In some embodiments, devices 102 and 104 may operate partially in compliance with, or completely in compliance with, a wireless network standard. For example, devices 102 and 104 may operate partially in compliance with a standard such as ANSI/IEEE Std. 802.11,1999 Edition, although this is not a limitation of the present invention. As used herein, the term “802.11” refers to any past, present, or future IEEE 802.11 standard, including, but not limited to, the 1999 edition. Also for example, devices 102 and 104 may operate partially in compliance with any other standard, such as 802.15 or 802.16, or any future IEEE personal area network standard or wide area network standard.
Devices 102 and 104 each include a number “r” of antennas, where “r” may be any integer number. By way of example, devices 102 and 104 may communicate with each other using a single input, a single output and non-Orthogonal Frequency Division Multiplexing (OFDM) signaling techniques. But note that the various embodiments of the invention are not so limited, and devices 102 and 104 may communicate using Multiple-lnput-Multiple-Output (MIMO) and OFDM in each spatial channel and use multiple antenna configurations. As shown in the figure, devices 102 and 104 may employ multiple transmit and receive antennas, and antenna configurations such as 2×2, 4×2, 4×4 and beyond are anticipated. Further, devices 102 and 104 may have an equal number or an unequal number of antennas.
Devices 102 and 104 may operate in an environment with many “reflectors” (e.g. walls, doors, or other obstructions). This “multipath” environment allows many signals to arrive from different paths, and thus, each “channel” through which devices 102 and 104 communicate may include many possible signal paths. In some embodiments, devices 102 and 104 utilize multiple antennas to take advantage of the multipath and to increase the communications bandwidth. For example, in some embodiments, devices 102 and 104 may communicate using MIMO techniques. In general, MIMO systems offer higher capacities by utilizing multiple spatial channels made possible by multipath. MIMO systems may operate “open loop” where a station estimates the state of a channel without receiving channel state information directly from another station.
FIG. 2 illustrates a communication system that employs decoding complexity that includes a linear equalizer 202 such as Minimum Mean Square Error (MMSE) equalizer and a Zero Forcing (ZF) equalizer to estimate the channels. Again, the embodiments for the present invention in a communication system may, in general, include a MIMO system, an OFDM system, a DMT system or a non-OFDM system.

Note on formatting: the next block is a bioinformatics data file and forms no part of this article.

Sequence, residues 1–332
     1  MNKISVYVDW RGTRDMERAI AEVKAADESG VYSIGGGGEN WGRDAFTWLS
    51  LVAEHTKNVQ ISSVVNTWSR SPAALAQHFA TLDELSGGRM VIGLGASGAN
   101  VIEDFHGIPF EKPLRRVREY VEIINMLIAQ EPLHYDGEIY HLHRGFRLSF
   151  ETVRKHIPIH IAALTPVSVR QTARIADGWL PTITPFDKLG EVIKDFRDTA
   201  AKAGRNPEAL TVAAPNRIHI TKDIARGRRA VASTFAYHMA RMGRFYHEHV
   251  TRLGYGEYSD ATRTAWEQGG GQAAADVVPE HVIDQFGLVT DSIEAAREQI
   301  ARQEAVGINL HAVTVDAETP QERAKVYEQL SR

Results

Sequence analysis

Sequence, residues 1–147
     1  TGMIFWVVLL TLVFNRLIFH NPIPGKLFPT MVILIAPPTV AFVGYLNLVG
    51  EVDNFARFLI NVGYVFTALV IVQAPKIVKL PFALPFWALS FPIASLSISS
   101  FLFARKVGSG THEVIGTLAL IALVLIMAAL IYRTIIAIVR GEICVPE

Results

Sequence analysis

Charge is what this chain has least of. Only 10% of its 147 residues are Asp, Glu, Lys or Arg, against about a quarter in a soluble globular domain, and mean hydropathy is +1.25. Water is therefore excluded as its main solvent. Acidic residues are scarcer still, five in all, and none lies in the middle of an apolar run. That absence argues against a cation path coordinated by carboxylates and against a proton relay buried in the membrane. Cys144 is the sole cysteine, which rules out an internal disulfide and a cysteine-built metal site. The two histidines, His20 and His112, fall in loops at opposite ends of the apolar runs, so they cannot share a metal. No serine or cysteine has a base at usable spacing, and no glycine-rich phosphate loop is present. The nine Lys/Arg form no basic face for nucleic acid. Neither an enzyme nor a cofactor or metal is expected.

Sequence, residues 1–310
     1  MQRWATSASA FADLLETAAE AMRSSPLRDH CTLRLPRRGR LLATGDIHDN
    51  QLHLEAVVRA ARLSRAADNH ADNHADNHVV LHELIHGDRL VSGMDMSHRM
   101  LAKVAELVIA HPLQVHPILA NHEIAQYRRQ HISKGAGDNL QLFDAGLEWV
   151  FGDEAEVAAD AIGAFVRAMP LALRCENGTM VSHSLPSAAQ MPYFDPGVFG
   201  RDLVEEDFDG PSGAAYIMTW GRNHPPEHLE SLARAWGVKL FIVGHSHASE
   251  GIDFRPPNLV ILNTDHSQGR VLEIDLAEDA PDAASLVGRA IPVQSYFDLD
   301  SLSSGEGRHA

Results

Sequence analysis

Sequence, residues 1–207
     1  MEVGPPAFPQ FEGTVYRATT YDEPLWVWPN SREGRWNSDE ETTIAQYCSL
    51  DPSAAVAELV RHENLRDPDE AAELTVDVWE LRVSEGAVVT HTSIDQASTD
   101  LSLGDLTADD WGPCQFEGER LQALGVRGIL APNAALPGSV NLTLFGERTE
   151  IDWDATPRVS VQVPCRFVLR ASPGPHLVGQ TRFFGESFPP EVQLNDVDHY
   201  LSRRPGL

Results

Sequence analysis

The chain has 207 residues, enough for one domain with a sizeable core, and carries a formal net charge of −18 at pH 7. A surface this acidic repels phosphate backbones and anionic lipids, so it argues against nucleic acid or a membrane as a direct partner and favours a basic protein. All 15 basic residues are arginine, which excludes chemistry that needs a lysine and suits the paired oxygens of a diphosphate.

Consider an example of an OFDM MIMO transmission from a transmitter using t transmit antennas to a receiver using r receive antennas. Assume, for example, that the transmitted signal from each antenna is the IFFT of a set of sub-carriers, modulated in the frequency domain. At the receiver, an FFT separates the sub-carriers. After sub-carrier separation, the receiver observes the combined transmissions from each of the t transmit antennas. In this example, the transmitters may interfere with each other within each sub-carrier and it is the equalizer that separates the spatial streams (transmissions from each transmit antenna).
On a particular sub-carrier, the receiver observes
- where y denotes a r×1 vector whose elements represent the received signal for the sub-carrier at each antenna (the vector y is observed after the FFT's are performed on the input from each antenna to isolate the sub-carrier energy);
- H denotes the r×t channel matrix where r is the number of receive antennas and t is the number of transmit antennas; and
- x denotes the t×1 vector of transmitted constellation points on that sub-carrier, one for each transmit antenna.
The equalizer transforms received vector y into the transmit vector x. The equalizer coefficient matrix W is t×r. The transmitted constellation points x are recovered using the following equation:
The linear equalizer 202 coefficients for the Zero Forcing equalizer may be given by equation (1), as follows:
, if the number of transmitters and receivers are equal, but more generally given as w=(H*H)−1
- where H denotes the r x t channel matrix where r is the number of receive antennas and t is the number of transmit antennas; and
- H* denotes the conjugate transpose of the channel matrix.
The equalizer coefficients for the MMSE equalizer may be given by equation (2), as follows:
- where H again denotes the r×t channel matrix where r is the number of receive antennas and t is the number of transmit antennas;
- H* denotes the t×r conjugate transpose of the channel matrix;
- SNR is the Signal-to-Noise Ratio; and
- I is the t×t identity matrix.
Note from equations (1) and (2) that a MMSE equalizer, in contrast to a Zero Forcing equalizer, requires an estimate of the SNR for each sub-carrier in order to properly initialize equalizer 202 and calculate soft bit metrics. In fact, many equalizers must be initialized with the proper coefficients or weights, one for each sub-carrier in an OFDM system. But the draw back to using the MMSE equalizer is that accurate SNR estimations require additional complexity in the receiver in order to provide the noise estimates. However, in accordance with the present invention, the MMSE equalizer coefficients may be initialized and soft bit metrics calculated without expressly performing the noise estimations.
In order to provide initial coefficients to the MMSE equalizer without the receiver performing the noise estimates, the present algorithm observes the transmission rate selected by the link adaptation system. For example, the link adaptation system in transceiver 14 for a packet-based network dynamically converges to a data rate, and that data rate implies an SNR range within which the wireless communications devices 102 and 104 operate. An SNR from within this range will be used to calculate the MMSE equalizer coefficients.